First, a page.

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Godzilla vs. Kong ★★★



Director: Adam Wingard

Starring: Alexander Skarsgård, Millie Bobby Brown, Rebecca Hall, Brian Tyree Henry, Shun Oguri, Kaylee Hottle, Eiza González with Kyle Chandler and Demián Bichir

Released: April 1st 2021 (Home Premiere in the UK)

In 1962 a battle for the ages took place, King Kong vs. Godzilla. While they were just grown-men in suits, it caught the imagination of many. Ishiro Honda’s film may be found in a few HMV bargain bins these days, but the film bridged the eastern and western cultures during the post-war era. Now, after multiple movies and a lot of Easter eggs in this franchise, we finally get to see who would win in a fight in the modern age. Whether you are #TeamKong or #TeamGodzilla, we all know the true winner here is the audience.

Legends collide as these mythic adversaries meet in a spectacular battle for the ages, with the fate of the world hanging in the balance. Kong and his protectors undertake a perilous journey to find his true home, and with them is Jia (Kaylee Hottle), a young orphaned girl with whom he has formed a unique and powerful bond. But they unexpectedly find themselves in the path of an enraged Godzilla, cutting a swath of destruction across the globe. The epic clash between the two titans—instigated by unseen forces—is only the beginning of the mystery that lies deep within the core of the Earth.

Godzilla vs. Kong lives to the hype of this ultimate behemoth clash. Adam Wingard embraces the fundamentals of the popcorn blockbuster without making it too complicated or pointless. While this franchise has been criticised for the lack of kaiju and lack of human narrative, Wingard finds a decent balance that will hopefully satisfy everyone. The narrative may not be perfect, don’t get me wrong, but this is not what we are here for. Each fight has a nice build-up to it, and once chaos ensues, it becomes a feast for the eyes. It doesn’t matter if you watch it on your TV or are lucky enough to see it on the big screen. Godzilla vs. Kong will deliver that sense of escapism we all need right now.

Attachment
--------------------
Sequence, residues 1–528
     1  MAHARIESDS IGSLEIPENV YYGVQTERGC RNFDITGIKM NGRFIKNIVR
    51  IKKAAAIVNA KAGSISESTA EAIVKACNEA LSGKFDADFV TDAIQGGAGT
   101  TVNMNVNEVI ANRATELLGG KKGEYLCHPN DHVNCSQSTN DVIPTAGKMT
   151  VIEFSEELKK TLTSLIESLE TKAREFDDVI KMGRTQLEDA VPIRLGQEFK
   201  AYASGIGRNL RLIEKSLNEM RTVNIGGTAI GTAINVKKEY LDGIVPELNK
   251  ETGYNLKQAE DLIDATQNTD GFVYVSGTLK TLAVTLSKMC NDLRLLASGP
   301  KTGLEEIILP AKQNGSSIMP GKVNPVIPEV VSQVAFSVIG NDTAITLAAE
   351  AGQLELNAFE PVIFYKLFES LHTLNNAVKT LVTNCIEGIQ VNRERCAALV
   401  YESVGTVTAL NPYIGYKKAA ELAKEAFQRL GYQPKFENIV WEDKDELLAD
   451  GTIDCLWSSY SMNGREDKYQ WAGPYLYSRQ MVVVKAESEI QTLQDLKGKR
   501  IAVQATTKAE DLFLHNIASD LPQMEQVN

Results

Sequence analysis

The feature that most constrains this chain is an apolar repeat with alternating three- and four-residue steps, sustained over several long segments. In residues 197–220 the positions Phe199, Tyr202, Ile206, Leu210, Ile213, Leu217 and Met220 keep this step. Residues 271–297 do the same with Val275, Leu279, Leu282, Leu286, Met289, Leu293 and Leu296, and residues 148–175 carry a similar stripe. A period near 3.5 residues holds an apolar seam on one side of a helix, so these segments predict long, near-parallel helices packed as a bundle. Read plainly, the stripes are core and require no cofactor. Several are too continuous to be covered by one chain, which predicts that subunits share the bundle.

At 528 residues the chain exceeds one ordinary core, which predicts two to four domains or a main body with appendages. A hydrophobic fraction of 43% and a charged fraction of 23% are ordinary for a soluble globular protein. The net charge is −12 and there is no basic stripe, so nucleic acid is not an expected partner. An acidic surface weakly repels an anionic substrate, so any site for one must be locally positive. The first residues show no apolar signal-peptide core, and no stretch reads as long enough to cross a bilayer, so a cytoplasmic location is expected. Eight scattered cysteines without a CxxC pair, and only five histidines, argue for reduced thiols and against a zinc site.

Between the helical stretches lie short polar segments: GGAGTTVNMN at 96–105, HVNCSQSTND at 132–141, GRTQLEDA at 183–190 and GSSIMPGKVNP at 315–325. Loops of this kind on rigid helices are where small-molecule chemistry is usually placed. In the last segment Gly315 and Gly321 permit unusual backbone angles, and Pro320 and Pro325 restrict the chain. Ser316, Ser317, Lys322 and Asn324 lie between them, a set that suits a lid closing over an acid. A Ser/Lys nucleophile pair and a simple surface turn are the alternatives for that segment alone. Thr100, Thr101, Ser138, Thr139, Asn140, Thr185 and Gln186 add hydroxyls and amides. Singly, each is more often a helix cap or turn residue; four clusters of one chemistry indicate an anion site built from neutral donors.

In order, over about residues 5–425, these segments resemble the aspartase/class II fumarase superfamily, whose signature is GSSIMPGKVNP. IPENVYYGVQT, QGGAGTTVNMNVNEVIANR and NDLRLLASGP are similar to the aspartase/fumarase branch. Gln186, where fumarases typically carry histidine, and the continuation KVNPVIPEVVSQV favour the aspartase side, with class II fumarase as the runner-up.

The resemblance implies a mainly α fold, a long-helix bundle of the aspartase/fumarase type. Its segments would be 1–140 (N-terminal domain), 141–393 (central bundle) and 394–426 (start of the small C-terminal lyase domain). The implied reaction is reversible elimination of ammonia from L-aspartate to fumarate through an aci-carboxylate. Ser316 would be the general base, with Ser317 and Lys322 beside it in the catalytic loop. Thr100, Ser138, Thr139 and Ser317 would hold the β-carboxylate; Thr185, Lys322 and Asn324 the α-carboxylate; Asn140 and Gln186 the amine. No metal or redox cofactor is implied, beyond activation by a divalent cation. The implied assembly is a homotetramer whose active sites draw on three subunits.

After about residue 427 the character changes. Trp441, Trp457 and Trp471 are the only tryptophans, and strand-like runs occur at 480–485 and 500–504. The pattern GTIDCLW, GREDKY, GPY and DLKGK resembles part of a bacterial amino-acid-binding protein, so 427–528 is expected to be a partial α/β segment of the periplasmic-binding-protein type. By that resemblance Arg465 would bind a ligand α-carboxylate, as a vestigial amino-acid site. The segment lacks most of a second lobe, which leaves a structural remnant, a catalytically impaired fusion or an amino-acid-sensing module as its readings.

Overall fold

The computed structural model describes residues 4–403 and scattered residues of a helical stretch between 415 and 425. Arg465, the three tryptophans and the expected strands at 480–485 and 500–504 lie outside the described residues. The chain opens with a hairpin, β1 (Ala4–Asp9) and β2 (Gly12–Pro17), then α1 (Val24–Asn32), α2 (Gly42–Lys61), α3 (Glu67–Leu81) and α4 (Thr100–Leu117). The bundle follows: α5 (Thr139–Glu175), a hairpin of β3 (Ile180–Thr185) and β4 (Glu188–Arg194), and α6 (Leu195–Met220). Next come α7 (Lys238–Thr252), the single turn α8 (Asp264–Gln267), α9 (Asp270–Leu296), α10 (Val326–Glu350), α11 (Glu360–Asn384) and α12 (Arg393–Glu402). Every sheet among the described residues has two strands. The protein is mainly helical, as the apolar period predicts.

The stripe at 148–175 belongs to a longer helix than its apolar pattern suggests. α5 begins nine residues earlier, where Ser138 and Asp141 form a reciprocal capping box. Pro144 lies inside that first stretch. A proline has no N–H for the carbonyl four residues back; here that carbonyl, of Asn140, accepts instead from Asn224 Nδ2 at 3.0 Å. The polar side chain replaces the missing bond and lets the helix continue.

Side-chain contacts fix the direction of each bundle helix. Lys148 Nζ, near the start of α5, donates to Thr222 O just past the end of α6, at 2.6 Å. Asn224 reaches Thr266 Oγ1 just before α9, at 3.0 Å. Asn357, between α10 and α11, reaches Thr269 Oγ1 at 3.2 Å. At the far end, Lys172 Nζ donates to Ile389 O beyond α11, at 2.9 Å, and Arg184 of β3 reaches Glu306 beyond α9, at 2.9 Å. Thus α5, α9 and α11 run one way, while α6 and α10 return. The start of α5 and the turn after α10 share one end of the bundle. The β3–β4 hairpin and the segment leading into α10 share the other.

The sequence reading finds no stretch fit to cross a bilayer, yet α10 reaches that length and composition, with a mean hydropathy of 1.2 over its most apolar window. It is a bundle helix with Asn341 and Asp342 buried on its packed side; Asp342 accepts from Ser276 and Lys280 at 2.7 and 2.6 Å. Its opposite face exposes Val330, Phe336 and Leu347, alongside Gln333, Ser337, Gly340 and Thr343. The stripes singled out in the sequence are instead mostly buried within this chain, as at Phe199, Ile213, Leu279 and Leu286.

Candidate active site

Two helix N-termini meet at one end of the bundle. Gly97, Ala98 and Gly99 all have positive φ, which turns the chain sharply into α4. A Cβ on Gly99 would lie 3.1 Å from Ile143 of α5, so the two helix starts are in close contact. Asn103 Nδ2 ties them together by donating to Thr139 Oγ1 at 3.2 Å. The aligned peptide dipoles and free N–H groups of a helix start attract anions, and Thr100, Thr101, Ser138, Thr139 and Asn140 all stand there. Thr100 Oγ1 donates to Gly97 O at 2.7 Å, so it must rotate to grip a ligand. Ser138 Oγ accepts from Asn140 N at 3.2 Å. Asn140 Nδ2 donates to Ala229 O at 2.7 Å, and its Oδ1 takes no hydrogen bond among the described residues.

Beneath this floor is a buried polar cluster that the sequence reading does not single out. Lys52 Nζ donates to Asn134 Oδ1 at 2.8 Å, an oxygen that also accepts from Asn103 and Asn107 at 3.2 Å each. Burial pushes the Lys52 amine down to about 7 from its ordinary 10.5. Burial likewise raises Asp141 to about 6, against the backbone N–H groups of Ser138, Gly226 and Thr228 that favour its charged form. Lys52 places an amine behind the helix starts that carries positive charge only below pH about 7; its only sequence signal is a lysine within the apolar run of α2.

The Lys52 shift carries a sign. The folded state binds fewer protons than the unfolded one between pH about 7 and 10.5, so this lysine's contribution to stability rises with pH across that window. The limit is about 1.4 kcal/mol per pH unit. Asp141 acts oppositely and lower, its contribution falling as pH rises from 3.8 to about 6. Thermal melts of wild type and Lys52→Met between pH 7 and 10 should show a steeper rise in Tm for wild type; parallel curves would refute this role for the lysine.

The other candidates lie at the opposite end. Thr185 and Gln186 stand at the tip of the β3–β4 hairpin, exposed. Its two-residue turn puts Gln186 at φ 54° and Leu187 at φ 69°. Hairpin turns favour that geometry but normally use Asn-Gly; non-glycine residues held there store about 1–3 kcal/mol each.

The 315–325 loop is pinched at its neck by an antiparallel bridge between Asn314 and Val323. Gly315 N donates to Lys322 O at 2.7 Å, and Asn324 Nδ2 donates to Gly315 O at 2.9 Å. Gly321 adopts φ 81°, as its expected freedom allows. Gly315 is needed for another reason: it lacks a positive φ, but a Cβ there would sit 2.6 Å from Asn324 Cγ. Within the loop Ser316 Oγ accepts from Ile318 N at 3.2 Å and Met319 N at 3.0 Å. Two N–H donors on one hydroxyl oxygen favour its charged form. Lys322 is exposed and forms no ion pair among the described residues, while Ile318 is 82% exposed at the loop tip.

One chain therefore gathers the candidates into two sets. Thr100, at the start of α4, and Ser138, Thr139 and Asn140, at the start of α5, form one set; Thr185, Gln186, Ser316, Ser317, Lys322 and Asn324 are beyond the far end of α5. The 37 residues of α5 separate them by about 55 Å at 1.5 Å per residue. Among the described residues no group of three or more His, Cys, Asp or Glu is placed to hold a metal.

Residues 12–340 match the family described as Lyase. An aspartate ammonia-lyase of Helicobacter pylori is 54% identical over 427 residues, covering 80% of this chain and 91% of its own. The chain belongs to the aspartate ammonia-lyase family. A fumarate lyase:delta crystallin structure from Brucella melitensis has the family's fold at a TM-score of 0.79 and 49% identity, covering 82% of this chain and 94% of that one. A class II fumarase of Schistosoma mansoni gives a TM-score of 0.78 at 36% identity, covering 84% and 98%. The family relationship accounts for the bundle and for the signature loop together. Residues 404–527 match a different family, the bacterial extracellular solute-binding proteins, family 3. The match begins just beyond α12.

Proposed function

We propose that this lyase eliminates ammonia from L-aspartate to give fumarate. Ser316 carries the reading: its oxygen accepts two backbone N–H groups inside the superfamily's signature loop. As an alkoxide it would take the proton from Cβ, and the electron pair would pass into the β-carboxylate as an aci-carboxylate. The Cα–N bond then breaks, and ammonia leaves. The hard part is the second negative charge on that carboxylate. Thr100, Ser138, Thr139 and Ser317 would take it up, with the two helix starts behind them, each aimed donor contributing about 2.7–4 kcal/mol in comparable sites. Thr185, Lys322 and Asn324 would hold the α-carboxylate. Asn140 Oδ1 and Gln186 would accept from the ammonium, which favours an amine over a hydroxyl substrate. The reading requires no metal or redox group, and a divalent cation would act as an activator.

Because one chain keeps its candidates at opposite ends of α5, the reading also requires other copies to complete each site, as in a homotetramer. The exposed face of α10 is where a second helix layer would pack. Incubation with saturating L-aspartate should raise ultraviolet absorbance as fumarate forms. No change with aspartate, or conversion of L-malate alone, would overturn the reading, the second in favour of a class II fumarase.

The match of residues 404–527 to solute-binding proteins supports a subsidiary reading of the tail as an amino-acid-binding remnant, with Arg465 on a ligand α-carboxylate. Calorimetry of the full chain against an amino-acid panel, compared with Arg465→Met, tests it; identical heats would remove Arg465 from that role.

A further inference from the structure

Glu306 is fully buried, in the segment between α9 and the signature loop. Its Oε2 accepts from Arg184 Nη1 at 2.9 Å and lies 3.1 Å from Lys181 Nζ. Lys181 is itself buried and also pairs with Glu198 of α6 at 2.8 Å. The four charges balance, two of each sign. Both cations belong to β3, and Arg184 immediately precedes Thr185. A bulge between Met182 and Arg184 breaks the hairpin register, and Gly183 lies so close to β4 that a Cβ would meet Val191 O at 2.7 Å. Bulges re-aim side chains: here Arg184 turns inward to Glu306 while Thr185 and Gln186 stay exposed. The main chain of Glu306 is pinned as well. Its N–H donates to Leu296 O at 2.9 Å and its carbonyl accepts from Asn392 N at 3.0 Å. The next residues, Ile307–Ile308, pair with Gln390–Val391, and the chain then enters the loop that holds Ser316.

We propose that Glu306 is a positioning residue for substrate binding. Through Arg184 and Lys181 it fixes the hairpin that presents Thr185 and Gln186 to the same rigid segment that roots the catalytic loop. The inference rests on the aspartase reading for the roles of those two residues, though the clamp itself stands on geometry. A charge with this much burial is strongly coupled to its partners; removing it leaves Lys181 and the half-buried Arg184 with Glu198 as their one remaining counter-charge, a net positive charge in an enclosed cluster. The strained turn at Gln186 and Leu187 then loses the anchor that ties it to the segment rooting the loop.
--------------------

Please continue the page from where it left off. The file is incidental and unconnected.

While the narrative can be an issue in these film, it does have quite a bit of heart this time around. It revolves around the kinship between Kong and a young girl called Jia, played by Kaylee Hottle. It is well known within the lore of Kong he does have a resonance with the pure of heart, and perhaps this was forgotten in Kong: Skull Island. The bond they both have is quite heartwarming and gives this epic blockbuster a soul. As we meet the other characters in the film, they feel flat and only serve a purpose to allow the narrative to flow. Brian Tyree Henry’s conspiracy theorist delivers the much needed comic relief, but to go any further would take us into spoilers. At the same time, Millie Bobby Brown and Alexander Skarsgård deliver enough to allow their characters to have a purpose in the grand scale of things.

Let’s forget those puny humans and get to the good stuff. The actual battle scenes between these two titans are stellar and leave you gasping for breath. As they cause chaos on land and sea, it truly is a sight to be seen. Wingard allows these sequences to flow with vigour and tension and not cutting to pointless scenes like Godzilla: King of the Monsters. For the shortest film in the franchise, it does leave you with a sense of satisfaction and this is down to Wingard evenly distributing these high-octane scenes throughout the film. The CGI behind Kong and Godzilla feel even more realistic than ever. Gazing into their eyes, you can feel true beasts that are duelling for dominance.

While we could easily look into Godzilla vs. Kong deeper thematics and hidden meanings, it feels pointless. We are paying to watch a giant lizard and giant monkey fight it out for our entertainment. Adam Wingard and his team deliver what they promised a satisfying epic clash of two cinematic giants.

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